(US - 2019)
Directed by Nicholas McCarthy. Written by Jeff Buhler. Cast: Taylor Schilling, Jackson Robert Scott, Colm Feore, Peter Mooney, Paul Fauteux, Brittany Allen, Paula Boudreau, Olunike Adeyili, Elisa Moolecherry, Michael Dyson. (R, 92 mins)
From 1956's THE BAD SEED and 1960's VILLAGE OF THE DAMNED to 1976's THE OMEN, 1984's CHILDREN OF THE CORN and 1993's THE GOOD SON to the modern era with 2009's ORPHAN to name just a select few, the "creepy kid" has been one of horror's more durable subgenres throughout the decades. Mario Bava's final film, 1977's SHOCK, released in the US in 1979 as BEYOND THE DOOR II, also had a memorable creepy kid in Marco (David Colin, Jr.), who's become possessed by the spirit of his dead father. SHOCK had an unforgettably effective jump scare in a hallway involving a practical effect pulled off simply by smart camera placement, and that moment is replicated by director Nicholas McCarthy in his latest film THE PRODIGY, the newest addition to the creepy kid pantheon. It's clearly meant as an affectionate homage, as McCarthy knows his horror history and has obviously seen SHOCK. He's also seen THE EXORCIST and THE EXORCIST III, both of which are invoked to various degrees in THE PRODIGY, but McCarthy knows better than to take the film down those familiar and over-traveled roads. Jeff Buhler (THE MIDNIGHT MEAT TRAIN) is the credited screenwriter (he also wrote the upcoming remakes of PET SEMATARY, JACOB'S LADDER and THE GRUDGE), but I'm curious how much of this was rewritten by McCarthy. Discounting his hired gun gig helming the 2017 Investigation Discovery docu-drama FINAL VISION, McCarthy's films thus far--2012's THE PACT, 2014's AT THE DEVIL'S DOOR, and "Easter," his segment of the 2016 horror anthology HOLIDAYS--all share common themes of strong women, usually mothers or someone (an aunt, an older sister) put in the position of being responsible for children, perhaps going to great lengths to protect them, and some level of dysfunction or trauma that haunts a family over generations, a curse often passed down like a genetic flaw. These recurring themes turn up throughout THE PRODIGY, which takes the "creepy kid" trope and incorporates it into what must be considered McCarthy's obsession. THE PACT is one of the best horror films of the last ten years, and while AT THE DEVIL'S DOOR and "Easter" weren't bad, they didn't live up to the potential McCarthy showed with his debut. The uncompromising and unpredictable THE PRODIGY feels, seven years later, like the logical follow-up to THE PACT.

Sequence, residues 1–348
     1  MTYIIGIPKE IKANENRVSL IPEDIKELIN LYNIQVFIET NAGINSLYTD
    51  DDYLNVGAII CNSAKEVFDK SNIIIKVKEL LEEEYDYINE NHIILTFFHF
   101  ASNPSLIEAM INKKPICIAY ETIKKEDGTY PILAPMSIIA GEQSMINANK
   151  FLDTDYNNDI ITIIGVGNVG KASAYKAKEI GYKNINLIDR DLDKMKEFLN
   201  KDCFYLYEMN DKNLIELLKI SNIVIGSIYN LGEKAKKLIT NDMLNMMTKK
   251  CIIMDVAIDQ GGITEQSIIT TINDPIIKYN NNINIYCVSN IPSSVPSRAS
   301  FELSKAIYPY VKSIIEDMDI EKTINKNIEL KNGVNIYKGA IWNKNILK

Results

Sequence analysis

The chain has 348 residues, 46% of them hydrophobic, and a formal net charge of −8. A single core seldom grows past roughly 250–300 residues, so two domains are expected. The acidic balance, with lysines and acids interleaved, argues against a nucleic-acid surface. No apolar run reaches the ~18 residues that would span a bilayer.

IT) is a genius requiring a special school, though Sarah is concerned that his development is behind in other areas, such as his inability to adapt in social situations with other children. Miles has moments where he isn't himself, and when a babysitter (Elisa Moolecherry) is seriously injured in a basement trap clearly set by Miles, he says he has no recollection of anything. He starts having bad dreams and Sarah records him talking in his sleep in what she initially assumes is gibberish but what's later revealed to be a form of Hungarian but in a rarely-used and archaic dialect. As his actions grow more sinister, he tries to explain to his parents that he sometimes doesn't feel like he's in his own body, to the point where Sarah and John can no longer ignore that something is very wrong with Miles.